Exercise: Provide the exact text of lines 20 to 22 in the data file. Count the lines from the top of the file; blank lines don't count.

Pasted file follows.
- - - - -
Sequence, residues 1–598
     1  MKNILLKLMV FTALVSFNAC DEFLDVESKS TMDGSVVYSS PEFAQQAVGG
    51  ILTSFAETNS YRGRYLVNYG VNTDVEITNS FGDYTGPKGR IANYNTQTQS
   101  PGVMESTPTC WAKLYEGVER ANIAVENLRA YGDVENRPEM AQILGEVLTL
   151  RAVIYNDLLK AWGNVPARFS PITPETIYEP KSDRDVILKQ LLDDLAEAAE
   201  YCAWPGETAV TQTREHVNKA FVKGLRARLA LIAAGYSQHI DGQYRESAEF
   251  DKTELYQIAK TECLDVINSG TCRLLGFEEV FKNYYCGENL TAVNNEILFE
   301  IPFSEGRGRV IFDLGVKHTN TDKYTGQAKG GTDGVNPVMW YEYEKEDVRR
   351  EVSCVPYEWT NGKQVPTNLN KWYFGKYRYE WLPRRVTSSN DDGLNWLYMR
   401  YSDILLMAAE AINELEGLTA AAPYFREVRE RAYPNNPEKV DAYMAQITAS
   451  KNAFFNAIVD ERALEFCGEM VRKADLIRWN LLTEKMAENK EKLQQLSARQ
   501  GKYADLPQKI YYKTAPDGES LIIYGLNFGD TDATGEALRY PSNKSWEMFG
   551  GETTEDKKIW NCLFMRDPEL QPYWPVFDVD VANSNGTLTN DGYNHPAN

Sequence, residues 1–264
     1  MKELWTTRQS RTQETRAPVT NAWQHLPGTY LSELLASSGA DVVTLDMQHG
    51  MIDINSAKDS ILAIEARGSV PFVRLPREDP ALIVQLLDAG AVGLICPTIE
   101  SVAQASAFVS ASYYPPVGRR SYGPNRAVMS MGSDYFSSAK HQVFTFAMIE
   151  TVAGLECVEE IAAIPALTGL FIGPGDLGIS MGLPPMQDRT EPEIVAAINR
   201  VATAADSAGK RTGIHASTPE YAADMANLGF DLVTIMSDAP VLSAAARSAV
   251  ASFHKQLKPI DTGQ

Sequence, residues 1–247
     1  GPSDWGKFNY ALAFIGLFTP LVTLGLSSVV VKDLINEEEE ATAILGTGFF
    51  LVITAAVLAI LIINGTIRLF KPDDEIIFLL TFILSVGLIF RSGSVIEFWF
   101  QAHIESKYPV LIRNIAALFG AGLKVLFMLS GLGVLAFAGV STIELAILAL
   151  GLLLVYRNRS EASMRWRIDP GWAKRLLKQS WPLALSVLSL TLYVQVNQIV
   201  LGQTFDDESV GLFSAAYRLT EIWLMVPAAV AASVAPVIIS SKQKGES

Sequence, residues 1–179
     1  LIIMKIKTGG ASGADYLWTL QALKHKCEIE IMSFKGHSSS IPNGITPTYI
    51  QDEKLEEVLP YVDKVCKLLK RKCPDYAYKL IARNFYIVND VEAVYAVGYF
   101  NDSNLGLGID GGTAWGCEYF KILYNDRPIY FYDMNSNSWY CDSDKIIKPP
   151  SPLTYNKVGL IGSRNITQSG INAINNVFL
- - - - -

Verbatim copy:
   251  ASFHKQLKPI DTGQ

Sequence, residues 1–247
     1  GPSDWGKFNY ALAFIGLFTP LVTLGLSSVV VKDLINEEEE ATAILGTGFF